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Petrel, Southern Giant

Identify and index birds in Southern Africa
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Johan van Rensburg
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Petrel, Southern Giant

Unread post by Johan van Rensburg » Tue Apr 19, 2016 5:59 am

The two similar-looking species of giant petrels, the Northern Giant Petrel (Macronectes halli) and the Southern Giant Petrel (M. giganteus), are renowned for being difficult to separate. If seen at close range under good light conditions, bill-tip coloration is a diagnostic feature that allows the observer to differentiate one species from the other: greenish in the southern and reddish in the northern.

The Southern Giant Petrel is the largest petrel, but not so much that size difference becomes a identifying trait in field observations.

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Opportunist scavenger and predator, giant petrels (both species) eat penguin, albatross, seal and whale carrion, ship offal and kelp. They also prey on small birds and take fish and squid off the surface.

Southern giant petrels are pelagic and circumpolar, generally found between subantarctic and Antarctic latitudes from 40°S to 68°S, with breeding as far south as continental Antarctica.
728 Latest lifers: Hartlaub's babbler, Coppery-tailed coucal, Red-billed spurfowl, White-browed coucal, Scharlow's turaco, Copper sunbird, Long-toed lapwing, Eastern bronze-naped pigeon, Malagasy pond heron, Soft-plumaged petrel, Orange-winged pytilia.

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hilda
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Re: Petrel, Southern Giant

Unread post by hilda » Tue Apr 19, 2016 6:25 am

Very interesting of how to differentiate between the Northern and Southern Giant Petrel Johan! Thank you for sharing! :clap: :clap:
"It always seems impossible until it is done." - Nelson Mandela.

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Re: Petrel, Southern Giant

Unread post by Johan van Rensburg » Thu Dec 08, 2016 3:34 pm

Giant petrels were plentiful on a pelagic trip out of Cape Town early in December and I got some good shots of both southern and the closely related northern species, sometimes fitting both together in the camera frame.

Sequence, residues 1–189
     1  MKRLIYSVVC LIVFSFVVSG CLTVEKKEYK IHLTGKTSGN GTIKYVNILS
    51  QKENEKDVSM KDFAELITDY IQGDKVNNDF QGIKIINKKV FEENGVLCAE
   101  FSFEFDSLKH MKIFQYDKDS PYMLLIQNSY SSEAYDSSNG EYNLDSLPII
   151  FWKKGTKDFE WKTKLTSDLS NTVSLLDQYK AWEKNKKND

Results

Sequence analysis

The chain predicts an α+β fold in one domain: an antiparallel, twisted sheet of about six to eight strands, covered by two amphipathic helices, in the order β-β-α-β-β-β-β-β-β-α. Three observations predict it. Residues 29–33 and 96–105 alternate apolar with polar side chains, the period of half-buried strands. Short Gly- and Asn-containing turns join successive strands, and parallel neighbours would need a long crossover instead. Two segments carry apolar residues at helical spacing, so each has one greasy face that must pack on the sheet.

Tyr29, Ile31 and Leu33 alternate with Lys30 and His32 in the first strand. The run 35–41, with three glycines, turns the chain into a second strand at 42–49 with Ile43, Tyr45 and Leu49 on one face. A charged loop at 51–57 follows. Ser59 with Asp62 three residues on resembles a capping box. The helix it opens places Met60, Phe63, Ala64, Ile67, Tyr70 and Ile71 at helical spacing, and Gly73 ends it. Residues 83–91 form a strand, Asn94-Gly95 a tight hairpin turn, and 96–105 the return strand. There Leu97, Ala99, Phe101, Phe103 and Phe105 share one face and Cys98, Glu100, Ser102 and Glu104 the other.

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Southern Giant-Petrel Macronectes giganteus are a deep-sea pelagic species which spend most of their lives at sea, coming to land only to breed. Southern Giant-Petrels first breed at an age of 10 years and live for over 50 years. Parents incubate the egg and care for the juvenile together, an investment approaching 200 days before the juvenile is ready to feed on its own. Adult breeders tend to stay in the ocean surrounding their breeding site, while juveniles are more likely to disperse further afield. These birds are known to feed on carrion and offal and refuse from ships, as well as cephalopods, fish, and other birds. Interestingly, males and females show preference to different areas in their foraging ranges and males will chase females from their favourite feeding sites.

Southern giant petrels feed on krill, squid, fish, other small seabirds, and carcasses of marine mammals. However, it has been shown that there is a significant dietary difference between the sexes. Females feed more on live prey at sea such as krill, squid, and fish; whereas males feed tend more toward carrion.

Both adult birds and chicks can regurgitate foods and oils to a distance of a metre or more if they are disturbed. The old seal hunters found this out in encounters with these birds and subsequently named them “stinkers”.
728 Latest lifers: Hartlaub's babbler, Coppery-tailed coucal, Red-billed spurfowl, White-browed coucal, Scharlow's turaco, Copper sunbird, Long-toed lapwing, Eastern bronze-naped pigeon, Malagasy pond heron, Soft-plumaged petrel, Orange-winged pytilia.

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Re: Petrel, Southern Giant

Unread post by hilda » Fri Dec 09, 2016 4:33 pm

The Southern Giant Petrel is really a Giant Johan! They are huge! Thank you for the interesting information about them! :clap: :clap:
"It always seems impossible until it is done." - Nelson Mandela.

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Johan van Rensburg
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Re: Petrel, Southern Giant

Unread post by Johan van Rensburg » Sat Dec 10, 2016 6:12 am

hilda wrote:The Southern Giant Petrel is really a Giant Johan! They are huge! Thank you for the interesting information about them! :clap: :clap:


With a wingspan of up to 2m and weighing as much as 6kg, the giant petrels are rather of medium size when one looks at tubenoses in general, here the wandering albatrosses steal the show with wingspans that can exceed 3.5m, sometimes weighing as much as 12kg!
728 Latest lifers: Hartlaub's babbler, Coppery-tailed coucal, Red-billed spurfowl, White-browed coucal, Scharlow's turaco, Copper sunbird, Long-toed lapwing, Eastern bronze-naped pigeon, Malagasy pond heron, Soft-plumaged petrel, Orange-winged pytilia.

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Re: Petrel, Southern Giant

Unread post by hilda » Sat Dec 10, 2016 8:56 am

Amazing! :dance: :dance:
"It always seems impossible until it is done." - Nelson Mandela.


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